the arithmetic used in this method works correctly and the objects
passed to this method fulfill certain conditions, for example, have a
certain method that does what I need from this object.

Like this, you should be able to find preconditions. Of course, in Ruby
it is not sufficient to use things like “a has to be positive” as a
precondition, but much more expressive ones like “a has to be an object
which has a method foo and this method foo has to do exactly the same
like my code in method foo”.

Of course, this is still far far away from formal methods, but I just
cannot believe that I actually do understand all my programs (well, most
of them, you know what I mean) but that it’s not possible to prove them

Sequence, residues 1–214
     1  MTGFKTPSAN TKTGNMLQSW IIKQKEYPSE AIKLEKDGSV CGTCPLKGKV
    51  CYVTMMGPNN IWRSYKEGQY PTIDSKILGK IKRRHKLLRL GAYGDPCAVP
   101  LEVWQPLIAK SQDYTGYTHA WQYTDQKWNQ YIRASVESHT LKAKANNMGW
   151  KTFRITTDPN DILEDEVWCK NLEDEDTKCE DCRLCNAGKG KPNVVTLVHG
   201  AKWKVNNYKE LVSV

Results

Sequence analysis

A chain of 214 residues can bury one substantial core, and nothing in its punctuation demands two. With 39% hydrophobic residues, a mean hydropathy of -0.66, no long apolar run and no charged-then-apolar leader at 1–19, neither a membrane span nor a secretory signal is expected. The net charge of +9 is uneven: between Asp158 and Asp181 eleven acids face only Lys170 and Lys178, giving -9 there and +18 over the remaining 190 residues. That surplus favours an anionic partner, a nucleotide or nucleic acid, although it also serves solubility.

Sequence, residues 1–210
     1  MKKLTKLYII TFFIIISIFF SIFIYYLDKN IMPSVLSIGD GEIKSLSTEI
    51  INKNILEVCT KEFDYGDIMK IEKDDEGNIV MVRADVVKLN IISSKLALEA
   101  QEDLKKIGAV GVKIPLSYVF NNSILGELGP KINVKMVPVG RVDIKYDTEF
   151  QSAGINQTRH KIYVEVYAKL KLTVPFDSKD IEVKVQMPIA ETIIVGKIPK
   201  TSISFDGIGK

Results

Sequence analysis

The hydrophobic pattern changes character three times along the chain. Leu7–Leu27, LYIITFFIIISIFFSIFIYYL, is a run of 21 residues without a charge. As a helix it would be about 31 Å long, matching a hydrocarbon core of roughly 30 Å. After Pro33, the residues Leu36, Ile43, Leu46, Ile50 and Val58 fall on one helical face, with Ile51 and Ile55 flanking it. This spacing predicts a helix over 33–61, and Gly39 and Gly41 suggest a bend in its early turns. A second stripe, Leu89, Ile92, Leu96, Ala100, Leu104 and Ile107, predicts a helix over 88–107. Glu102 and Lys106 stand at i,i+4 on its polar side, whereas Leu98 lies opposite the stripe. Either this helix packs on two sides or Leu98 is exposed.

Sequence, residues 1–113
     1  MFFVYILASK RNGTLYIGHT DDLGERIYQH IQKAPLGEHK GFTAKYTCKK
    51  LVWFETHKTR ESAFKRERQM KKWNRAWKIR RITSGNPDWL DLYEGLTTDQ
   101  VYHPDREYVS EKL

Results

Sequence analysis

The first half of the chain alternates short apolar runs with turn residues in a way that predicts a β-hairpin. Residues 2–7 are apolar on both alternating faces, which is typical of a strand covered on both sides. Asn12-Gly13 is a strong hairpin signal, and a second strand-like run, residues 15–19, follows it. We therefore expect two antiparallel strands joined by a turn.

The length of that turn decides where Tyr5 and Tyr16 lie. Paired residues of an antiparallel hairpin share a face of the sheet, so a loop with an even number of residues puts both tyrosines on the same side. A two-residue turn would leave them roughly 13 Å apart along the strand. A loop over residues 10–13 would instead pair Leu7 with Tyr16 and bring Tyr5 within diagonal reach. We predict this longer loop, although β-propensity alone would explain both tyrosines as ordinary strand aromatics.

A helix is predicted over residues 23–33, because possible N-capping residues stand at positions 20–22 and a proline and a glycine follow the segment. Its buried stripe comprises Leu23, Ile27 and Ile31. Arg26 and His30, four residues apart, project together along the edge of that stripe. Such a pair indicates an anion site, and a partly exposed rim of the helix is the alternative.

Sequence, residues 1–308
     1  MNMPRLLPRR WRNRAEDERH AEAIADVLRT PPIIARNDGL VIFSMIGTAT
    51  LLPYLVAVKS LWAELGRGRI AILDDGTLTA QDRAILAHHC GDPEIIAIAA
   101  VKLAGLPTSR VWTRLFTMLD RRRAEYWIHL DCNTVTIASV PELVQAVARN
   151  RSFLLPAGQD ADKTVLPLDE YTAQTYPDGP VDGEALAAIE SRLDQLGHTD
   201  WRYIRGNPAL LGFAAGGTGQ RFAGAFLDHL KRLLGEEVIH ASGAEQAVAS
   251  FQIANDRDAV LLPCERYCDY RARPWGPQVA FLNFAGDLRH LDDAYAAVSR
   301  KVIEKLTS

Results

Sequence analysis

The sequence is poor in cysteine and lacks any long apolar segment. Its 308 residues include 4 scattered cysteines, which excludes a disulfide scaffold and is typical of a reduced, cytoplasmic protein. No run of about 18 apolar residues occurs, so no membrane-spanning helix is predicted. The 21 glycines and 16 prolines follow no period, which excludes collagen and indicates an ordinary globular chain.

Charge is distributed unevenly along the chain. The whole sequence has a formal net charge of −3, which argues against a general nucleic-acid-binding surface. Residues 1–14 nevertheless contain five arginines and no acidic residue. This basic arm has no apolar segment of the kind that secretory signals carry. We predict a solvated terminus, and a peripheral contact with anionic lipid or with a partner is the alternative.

formally.

Maybe I’ll do my bachelor thesis on this. :smiley:

Robert D. wrote:

:wink:
R.
“Formal Methods” has meant different things to different people.

One aspect of the difference is what is to be proven. The general idea
is that some post-condition of the program’s execution is to be proven.
Its not easy to write a formal post-condition for, say, an execution of
Internet Explorer. On the other hand it may be possible to specify the
effect of some of IE’s subroutines.

Another aspect has to do with the completeness of the proof( and
specification ). For example, is it sufficient to prove that a program
gives the right answer if it doesn’t blow up or fail to terminate? Do
you need to prove those things for some pre-specified range of inputs?
Do the numbers stay inside certain hardware limits? Do numerical
round-off errors have to be considered? etc. Perhaps you can do the
proof for an abstraction of the problem, one that ignores storage
representations and other machine artifacts. Do what extent do you need
to prove the real program matches the abstraction?